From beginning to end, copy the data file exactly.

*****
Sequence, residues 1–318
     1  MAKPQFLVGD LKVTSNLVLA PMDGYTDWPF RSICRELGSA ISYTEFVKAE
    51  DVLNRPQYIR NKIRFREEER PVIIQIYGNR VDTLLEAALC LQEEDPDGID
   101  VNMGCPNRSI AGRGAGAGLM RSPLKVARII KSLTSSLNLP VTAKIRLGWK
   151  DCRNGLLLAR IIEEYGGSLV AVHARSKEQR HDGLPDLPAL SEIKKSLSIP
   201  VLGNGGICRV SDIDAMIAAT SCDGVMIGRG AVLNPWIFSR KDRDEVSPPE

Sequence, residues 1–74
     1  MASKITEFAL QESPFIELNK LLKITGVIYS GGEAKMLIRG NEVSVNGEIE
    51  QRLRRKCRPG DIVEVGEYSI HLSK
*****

Sequence, residues 1–318
     1  MAKPQFLVGD LKVTSNLVLA PMDGYTDWPF RSICRELGSA ISYTEFVKAE
    51  DVLNRPQYIR NKIRFREEER PVIIQIYGNR VDTLLEAALC LQEEDPDGID
   101  VNMGCPNRSI AGRGAGAGLM RSPLKVARII KSLTSSLNLP VTAKIRLGWK
   151  DCRNGLLLAR IIEEYGGSLV AVHARSKEQR HDGLPDLPAL SEIKKSLSIP
   201  VLGNGGICRV SDIDAMIAAT SCDGVMIGRG AVLNPWIFSR KDRDEVSPPE

Sequence, residues 1–74
     1  MASKITEFAL QESPFIELNK LLKITGVIYS GGEAKMLIRG NEVSVNGEIE
    51  QRLRRKCRPG DIVEVGEYSI HLSK